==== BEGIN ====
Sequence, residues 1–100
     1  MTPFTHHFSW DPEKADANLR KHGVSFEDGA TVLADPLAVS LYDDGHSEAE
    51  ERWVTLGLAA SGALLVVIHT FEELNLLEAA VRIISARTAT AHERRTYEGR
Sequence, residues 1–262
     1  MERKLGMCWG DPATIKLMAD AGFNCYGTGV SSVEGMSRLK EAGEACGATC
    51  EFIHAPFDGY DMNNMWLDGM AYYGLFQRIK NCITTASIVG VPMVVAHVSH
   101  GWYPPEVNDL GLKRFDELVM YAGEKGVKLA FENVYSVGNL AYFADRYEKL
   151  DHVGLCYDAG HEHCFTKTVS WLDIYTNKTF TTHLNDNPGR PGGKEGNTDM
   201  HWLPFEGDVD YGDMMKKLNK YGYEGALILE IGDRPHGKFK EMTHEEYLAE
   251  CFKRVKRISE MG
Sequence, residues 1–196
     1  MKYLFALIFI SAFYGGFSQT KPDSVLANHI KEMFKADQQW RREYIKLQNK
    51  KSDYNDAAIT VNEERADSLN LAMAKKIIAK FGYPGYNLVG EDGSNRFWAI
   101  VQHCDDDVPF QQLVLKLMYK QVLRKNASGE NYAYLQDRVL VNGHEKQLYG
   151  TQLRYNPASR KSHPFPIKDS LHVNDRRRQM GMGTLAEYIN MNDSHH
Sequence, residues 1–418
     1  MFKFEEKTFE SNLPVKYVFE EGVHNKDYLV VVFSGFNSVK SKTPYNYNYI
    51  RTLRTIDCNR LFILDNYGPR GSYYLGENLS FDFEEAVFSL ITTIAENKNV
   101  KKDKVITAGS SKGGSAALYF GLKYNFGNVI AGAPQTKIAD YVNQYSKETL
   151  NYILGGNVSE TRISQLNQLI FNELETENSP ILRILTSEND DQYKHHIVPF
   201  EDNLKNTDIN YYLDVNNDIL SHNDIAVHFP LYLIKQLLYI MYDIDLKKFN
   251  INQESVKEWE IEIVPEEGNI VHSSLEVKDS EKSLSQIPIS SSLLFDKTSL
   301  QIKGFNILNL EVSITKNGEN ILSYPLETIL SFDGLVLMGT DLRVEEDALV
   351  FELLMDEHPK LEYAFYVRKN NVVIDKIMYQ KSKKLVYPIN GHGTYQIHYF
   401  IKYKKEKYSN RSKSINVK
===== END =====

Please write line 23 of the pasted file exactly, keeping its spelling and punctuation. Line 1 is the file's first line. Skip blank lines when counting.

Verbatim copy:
   301  QIKGFNILNL EVSITKNGEN ILSYPLETIL SFDGLVLMGT DLRVEEDALV